For the first time in decades, somebody tried to pick me up. To my surprise and bemusement, this wasn’t in a club full of loud music and people shouting, but at breakfast on a Monday morning.
There I was, eating my bowl of offensively overpriced porridge (alongside a miniaturised glass of beet juice, and shortly after consuming a Lilliputian fruit scone) when I was complimented on my beard. It is a fine beard, a most luxurious one, although a little ragged after I got drunk on Friday night and attacked it with scissors. I was alone at the bar in the hotel restaurant, and it seemed rude when invited by my complimenter not to go over and sit at the adjacent empty chair.
He was an architect and showing off pictures of his apartment to a lady sat next to him, who in turn ruthlessly name-dropped the designers of her chairs, lamps, paintings (and I got the feeling her toilet brushes, door hinges and grapefruit spoons were soon to be listed too). He’d concentrate on mentioning how his apartment looked down on Gramercy Park, and getting me to look out the window at it, so he could lightly touch my shoulder with his hand to guide me. It was all a bit strange. This, combined with a slightly effeminate voice, and the woman next to him, carrying on about her pneumatic Philippe Starck stool and other nonsense, made me feel like I’d sat down in a bad caricature of some New York middle-to-upper-class daftness.
The last time I had a man make any sort of advances was in Vauxhall in 1996 or thereabouts, when a bald chap called Jasper kept following me around a techno club telling me how I was a beautiful dancer. Anyone who’s seen me dance knows that Jasper was either the world’s biggest liar or on drugs. Or both. So I was quite unsure how to rebuff these transparent advances.
On the one hand, it’s mildly flattering. On the other, I’m British, so being vaguely concerned and not sure what to say for fear of giving offence comes naturally to me. What was going to happen here? Would I end up going on a date with a random man just because I was trying to be polite and couldn’t think of a way to extricate myself?
I assume for the average woman it’s not mildly flattering to have somebody you don’t feel any attraction to start coming on to you. Then again, the incident rate is much higher for most women, and it’s not like I felt any kind of physical threat looming. Ah, the relaxing state of life of a white, heterosexual man…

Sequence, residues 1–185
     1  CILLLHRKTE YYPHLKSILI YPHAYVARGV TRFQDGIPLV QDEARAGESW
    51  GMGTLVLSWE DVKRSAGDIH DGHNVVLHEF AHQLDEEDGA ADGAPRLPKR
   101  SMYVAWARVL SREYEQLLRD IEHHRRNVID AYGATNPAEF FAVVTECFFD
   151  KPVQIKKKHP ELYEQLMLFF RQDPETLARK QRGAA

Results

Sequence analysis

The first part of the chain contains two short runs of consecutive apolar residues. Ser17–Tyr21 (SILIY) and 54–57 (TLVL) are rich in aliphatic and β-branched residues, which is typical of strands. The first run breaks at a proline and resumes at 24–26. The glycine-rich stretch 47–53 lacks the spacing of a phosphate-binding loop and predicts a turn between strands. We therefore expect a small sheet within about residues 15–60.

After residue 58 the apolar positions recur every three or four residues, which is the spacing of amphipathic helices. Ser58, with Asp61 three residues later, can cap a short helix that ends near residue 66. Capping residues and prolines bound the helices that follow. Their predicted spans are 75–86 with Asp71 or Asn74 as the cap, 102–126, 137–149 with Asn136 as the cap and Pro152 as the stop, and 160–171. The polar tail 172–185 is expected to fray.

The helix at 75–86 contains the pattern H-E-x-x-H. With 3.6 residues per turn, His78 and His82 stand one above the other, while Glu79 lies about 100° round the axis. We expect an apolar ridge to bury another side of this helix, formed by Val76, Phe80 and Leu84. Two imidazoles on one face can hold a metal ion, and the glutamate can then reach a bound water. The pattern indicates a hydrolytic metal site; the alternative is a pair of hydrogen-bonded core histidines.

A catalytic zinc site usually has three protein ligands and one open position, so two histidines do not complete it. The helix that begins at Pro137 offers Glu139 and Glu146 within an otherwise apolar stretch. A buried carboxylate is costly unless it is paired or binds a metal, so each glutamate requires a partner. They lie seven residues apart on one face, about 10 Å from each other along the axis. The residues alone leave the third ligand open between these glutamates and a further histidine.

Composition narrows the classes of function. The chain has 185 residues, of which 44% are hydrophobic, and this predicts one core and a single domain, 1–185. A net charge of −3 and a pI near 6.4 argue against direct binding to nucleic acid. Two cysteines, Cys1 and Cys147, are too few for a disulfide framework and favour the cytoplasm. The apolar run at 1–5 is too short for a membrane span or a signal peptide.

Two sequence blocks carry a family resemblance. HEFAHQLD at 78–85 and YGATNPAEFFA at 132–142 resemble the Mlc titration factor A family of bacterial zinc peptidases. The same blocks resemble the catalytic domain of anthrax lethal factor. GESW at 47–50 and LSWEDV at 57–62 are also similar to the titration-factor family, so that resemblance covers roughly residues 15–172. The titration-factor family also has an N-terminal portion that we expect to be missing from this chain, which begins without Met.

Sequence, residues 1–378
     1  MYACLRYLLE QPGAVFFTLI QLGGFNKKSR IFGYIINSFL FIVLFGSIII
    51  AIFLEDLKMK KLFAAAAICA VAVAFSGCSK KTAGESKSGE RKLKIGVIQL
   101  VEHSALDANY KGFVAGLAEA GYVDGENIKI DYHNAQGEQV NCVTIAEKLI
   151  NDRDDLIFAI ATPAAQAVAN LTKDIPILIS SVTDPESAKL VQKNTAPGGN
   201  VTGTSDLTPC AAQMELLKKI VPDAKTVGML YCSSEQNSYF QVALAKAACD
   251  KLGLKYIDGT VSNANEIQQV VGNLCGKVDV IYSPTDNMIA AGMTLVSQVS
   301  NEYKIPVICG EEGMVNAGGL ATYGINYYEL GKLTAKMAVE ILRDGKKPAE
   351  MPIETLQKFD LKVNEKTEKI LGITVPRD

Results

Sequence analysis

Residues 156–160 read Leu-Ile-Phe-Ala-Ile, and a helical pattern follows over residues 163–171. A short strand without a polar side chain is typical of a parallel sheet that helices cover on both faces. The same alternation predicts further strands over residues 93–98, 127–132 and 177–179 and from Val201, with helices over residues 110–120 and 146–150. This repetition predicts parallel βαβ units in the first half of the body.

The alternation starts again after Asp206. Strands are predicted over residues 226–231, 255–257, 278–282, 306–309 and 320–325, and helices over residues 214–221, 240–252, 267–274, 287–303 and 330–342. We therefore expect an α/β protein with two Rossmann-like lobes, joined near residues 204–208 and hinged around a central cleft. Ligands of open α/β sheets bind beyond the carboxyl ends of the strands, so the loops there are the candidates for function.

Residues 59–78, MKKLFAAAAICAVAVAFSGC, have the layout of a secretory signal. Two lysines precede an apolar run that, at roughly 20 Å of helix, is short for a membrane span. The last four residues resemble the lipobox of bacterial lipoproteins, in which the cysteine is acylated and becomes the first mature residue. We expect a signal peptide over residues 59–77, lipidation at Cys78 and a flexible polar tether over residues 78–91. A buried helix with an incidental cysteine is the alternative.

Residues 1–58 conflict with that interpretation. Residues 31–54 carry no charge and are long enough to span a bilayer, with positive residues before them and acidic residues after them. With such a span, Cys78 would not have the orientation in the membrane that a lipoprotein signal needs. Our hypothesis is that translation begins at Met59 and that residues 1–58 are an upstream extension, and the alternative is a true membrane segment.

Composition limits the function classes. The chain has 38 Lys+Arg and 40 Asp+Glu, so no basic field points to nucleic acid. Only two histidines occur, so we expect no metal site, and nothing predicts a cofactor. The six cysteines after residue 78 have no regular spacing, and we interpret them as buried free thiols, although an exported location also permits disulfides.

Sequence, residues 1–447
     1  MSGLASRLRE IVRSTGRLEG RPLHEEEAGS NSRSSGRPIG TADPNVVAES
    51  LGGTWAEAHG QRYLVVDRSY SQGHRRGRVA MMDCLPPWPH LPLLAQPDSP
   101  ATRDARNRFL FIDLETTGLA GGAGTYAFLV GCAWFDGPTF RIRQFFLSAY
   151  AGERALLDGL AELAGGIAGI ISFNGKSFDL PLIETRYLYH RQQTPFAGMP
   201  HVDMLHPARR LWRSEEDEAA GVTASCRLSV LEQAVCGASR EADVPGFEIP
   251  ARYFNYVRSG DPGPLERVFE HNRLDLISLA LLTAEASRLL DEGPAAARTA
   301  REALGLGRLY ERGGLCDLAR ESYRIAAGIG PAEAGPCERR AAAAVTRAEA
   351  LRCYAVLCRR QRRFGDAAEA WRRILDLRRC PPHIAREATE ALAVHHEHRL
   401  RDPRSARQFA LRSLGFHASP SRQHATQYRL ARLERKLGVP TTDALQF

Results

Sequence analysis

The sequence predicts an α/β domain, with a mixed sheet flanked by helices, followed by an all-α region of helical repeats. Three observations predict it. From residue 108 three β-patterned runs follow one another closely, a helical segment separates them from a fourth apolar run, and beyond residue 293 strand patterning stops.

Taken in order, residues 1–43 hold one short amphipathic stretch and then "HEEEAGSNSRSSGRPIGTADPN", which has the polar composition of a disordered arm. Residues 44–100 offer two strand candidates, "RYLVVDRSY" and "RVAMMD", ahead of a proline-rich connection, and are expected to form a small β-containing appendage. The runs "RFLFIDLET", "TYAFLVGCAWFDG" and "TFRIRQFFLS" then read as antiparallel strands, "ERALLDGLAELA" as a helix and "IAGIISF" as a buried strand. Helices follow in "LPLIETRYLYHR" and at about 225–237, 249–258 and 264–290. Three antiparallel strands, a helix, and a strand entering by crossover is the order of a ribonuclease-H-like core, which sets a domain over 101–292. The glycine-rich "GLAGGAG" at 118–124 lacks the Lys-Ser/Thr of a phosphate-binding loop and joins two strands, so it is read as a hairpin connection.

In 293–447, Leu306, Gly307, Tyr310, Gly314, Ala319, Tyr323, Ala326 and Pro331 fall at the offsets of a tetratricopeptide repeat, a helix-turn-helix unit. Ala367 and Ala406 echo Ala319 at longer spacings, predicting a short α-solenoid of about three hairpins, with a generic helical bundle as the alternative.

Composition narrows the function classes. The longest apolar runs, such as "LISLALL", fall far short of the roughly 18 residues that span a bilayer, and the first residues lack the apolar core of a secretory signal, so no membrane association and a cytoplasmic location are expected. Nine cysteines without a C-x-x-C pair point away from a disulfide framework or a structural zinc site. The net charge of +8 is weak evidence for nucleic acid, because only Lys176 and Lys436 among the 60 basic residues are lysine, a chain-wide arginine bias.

He asked me if I had any children. Hoorah, I thought, extolling the joys of my daughters and my wife. Wasn’t he going to take notice of the wedding ring and the talk of children, and figure out that he didn’t fall in my Venn diagram of attraction? But on he spoke, continuing to point out his apartment and show more pictures of it, like I was some kind of furniture-fixated flapper.
Then the chap asked me if I wanted a drink (he was on at least his second drink, and by drink I mean something murky with an olive on a cocktail stick in it, at 8:30 in the morning, and what the hell does that imply?) and then asked for my number Well, I couldn’t honestly have a drink at that time of the morning, not with meetings ahead of me, but I also wasn’t sure how to decline a request for a phone number politely, so I gave him mine, paid my check and then went to my room to pack. And then received a flurry of texts in which he asked if he could stroke my beard.
I had never realised that all this facial fuzz would make me attractive to a random man in a bar. I was only growing it because I’m too lazy to shave, and because it amuses me to look ridiculous. I wanted to reply to him and point out that it’s the height of desperation to send 7 texts in close succession to a complete stranger, but that seemed a bit complicated so I pointed out that my wife wouldn’t be very happy if someone other than her got beard access rights, and then marched to the office.
Back in the hotel at midday, I spied him still sitting at the bar. Or maybe there are a whole bunch of identically dressed men who lurk in the hotel restaurant, looking for suitable bearded men.